A 21 year old male of Asian descent has presented to your ED following a brief episode of syncope. He feels fine now and wants to go home. His ECG looks like this:
Brugada Syndrome is an ECG abnormality with a high incidence of sudden death in patients with structurally normal hearts.
First described in 1992 by the Brugada brothers, the disease has since had an exponential rise in the numbers of cases reported, to such an extent that the second consensus conference reported in 2005 that it was the second leading cause of death in males <40 (after trauma). It’s incidence seems to be particularly high in Southeast Asia where it had been previously described as Sudden Unexplained Nocturnal Death Syndrome (SUNDS), indeed it was known colloquially in the Philippines as bangungut (“to rise and moan in sleep”), in Japan as pokkuri (“sudden and unexpectedly ceased phenomena”) and in Thailand as Lai Tai (“death during sleep”)
The mean age of sudden death is 41, with the age at diagnosis ranging from 2 days to 84 years.
- There’s really only one type of Brugada syndrome.
- Diagnosis depends on a characteristic ECG finding AND clinical criteria.
- Further risk stratification is controversial.
- Definitive treatment = ICD.
- Brugada sign in isolation is of questionable significance.
In a nutshell, Brugada syndrome is due to a mutation in the cardiac sodium channel gene. This is often referred to as a sodium channelopathy. Over 60 different mutations have been described so far and at least 50% are spontaneous mutations, but familial clustering and autosomal dominant inheritance has been demonstrated. ECG changes can be transient with Brugada syndrome and can also be unmasked or augmented by multiple factors:
- Multiple Drugs
- Sodium channel blockers eg: Flecainide, Propafenone
- Calcium channel blockers
- Alpha agonists
- Beta Blockers
- Cholinergic stimulation
- Post DC cardioversion
Type 1 (Coved ST segment elevation >2mm in >1 of V1-V3 followed by a negative T wave) is the only ECG abnormality that is potentially diagnostic. This has been referred to as Brugada sign.
This ECG abnormality must be associated with one of the following clinical criteria to make the diagnosis:
- Documented ventricular fibrillation (VF) or polymorphic ventricular tachycardia (VT).
- Family history of sudden cardiac death at <45 years old .
- Coved-type ECGs in family members.
- Inducibility of VT with programmed electrical stimulation .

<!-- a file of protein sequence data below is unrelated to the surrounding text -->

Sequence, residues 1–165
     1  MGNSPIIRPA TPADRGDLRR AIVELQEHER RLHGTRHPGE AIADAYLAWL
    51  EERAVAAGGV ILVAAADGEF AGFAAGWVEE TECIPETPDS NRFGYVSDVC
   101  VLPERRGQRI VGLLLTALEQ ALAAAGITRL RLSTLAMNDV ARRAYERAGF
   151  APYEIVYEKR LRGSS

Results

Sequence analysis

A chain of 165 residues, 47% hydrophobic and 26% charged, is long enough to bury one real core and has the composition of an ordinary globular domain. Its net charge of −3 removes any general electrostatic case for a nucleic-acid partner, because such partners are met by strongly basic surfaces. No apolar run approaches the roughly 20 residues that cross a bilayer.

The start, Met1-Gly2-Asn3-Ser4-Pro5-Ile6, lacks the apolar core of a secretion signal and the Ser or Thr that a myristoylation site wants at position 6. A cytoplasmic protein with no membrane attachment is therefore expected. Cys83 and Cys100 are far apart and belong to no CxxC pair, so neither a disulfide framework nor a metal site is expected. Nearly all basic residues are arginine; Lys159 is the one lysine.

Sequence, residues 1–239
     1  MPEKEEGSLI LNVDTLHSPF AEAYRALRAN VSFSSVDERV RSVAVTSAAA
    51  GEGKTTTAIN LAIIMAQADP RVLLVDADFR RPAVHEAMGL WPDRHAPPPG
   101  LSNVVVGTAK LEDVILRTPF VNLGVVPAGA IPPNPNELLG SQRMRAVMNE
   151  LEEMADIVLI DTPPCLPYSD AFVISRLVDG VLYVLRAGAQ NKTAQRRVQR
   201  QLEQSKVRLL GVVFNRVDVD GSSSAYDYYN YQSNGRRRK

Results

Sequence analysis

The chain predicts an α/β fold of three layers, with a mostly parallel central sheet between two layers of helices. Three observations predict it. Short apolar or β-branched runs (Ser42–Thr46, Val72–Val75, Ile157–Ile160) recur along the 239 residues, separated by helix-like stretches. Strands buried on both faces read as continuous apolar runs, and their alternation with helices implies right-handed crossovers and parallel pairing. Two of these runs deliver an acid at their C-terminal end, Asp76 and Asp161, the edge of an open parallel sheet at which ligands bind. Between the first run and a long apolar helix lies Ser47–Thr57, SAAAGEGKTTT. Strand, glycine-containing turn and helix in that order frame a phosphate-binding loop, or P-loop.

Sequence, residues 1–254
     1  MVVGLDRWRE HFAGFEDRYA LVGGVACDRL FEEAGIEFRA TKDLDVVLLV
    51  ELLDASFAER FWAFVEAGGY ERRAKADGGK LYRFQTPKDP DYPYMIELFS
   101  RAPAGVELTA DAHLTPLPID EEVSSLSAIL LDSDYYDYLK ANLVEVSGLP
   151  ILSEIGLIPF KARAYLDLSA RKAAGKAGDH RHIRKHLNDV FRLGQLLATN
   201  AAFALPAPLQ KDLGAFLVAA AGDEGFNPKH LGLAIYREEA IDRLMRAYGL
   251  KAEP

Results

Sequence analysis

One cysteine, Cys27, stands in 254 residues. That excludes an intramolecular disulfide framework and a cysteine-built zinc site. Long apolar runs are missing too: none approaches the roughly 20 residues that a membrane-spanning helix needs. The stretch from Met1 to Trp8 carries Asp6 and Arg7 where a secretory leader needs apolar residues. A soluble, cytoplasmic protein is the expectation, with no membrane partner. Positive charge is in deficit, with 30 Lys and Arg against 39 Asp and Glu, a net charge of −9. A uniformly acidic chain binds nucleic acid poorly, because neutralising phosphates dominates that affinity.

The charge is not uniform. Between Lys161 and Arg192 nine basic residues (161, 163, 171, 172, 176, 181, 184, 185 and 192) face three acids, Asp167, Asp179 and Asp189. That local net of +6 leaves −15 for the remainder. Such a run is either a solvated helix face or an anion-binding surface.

- Nocturnal agonal respiration.
The other 2 types of Brugada are non-diagnostic but possibly warrant further investigation (see discussion below). Type 2 has >2mm of saddleback shaped ST elevation.
Brugada type 3 can be the morphology of either type 1 or type 2, but with <2mm of ST segment elevation.
The only proven therapy is an implantable cardioverter – defibrillator (ICD). Quinidine has been proposed as an alternative in settings where ICD’s are unavailable or where they would be inappropriate (eg: neonates).
Undiagnosed, Brugada syndrome has been estimated to have a mortality of 10% per year. Does this mean that a diagnosis in ED mandates admission? Probably yes for all type 1 patients if they present with suggestive clinical criteria.
It may be appropriate for risk stratification on an outpatient basis with an electrophysiology study (EPS) to see if the patient has inducible ventricular tachycardia (VT) or fibrillation (VF)in the following settings:
Asymptomatic patients with a type 1 ECG pattern.
All type 2 + 3 ECG patterns.
However this is controversial with much debate in the literature ranging from a very low threshold for EPS studies and ICD insertion (Brugada et al) to more conservative approaches. One of the problems is that EPS are far from a gold standard, with a negative predictive value of less than 50% and some studies suggest that we might be getting a little over-excited about this relatively recently described ECG finding.
Admittedly study sizes are pretty small – but one study followed 98 asymptomatic japanese patients with ‘Brugada sign’ on routine ECG for 7.8 years and found them to have no greater mortality than the rest of a 14000 strong cohort. This highlights the importance of the clinical criteria required for diagnosis listed above.
Pharmacological assessment has been suggested by some in Type 2 + 3 patterns, if Brugada syndrome is suspected clinically – the administration of sodium channel blocking drugs may convert these non-diagnostic forms into the diagnostic type 1, however the sensitivity of this test is unknown and it would appear that this subgroup is at exteremely low / no increased mortality when compared to the general population.
- Brugada P, Brugada J. Right bundle branch block, persistent ST segment elevation and sudden cardiac death: a multicenter report. J Am Coll Cardiol 1992;20:1391–6. PMID:Wrong Shortcode Contents
- Antzelevitch C, Brugada P, Brugada J, Brugada R, Towbin JA, Nademanee K. Brugada syndrome: 1992–2002: A historical perspective. J. Am. Coll. Cardiol. 2003;41;1665-1671. PMID:Wrong Shortcode Contents
- Antzelevitch C, Brugada P, Borggrefe M, Brugada J, Brugada R, Corrado D, Gussak I, LeMarec H, Nademanee K, Perez Riera AR, Shimizu W, Schulze-Bahr E, Tan H, Wilde A. Brugada Syndrome: Report of the Second Consensus Conference. Circulation 2005;111;659-670 PMID:Wrong Shortcode Contents
- Littmann L, Monroe MH, Kerns WP 2nd, Svenson RH, Gallagher JJ. Brugada syndrome and “Brugada sign”: clinical spectrum with a guide for the clinician. Am Heart J. 2003 May; 145(5):768-78. PMID:Wrong Shortcode Contents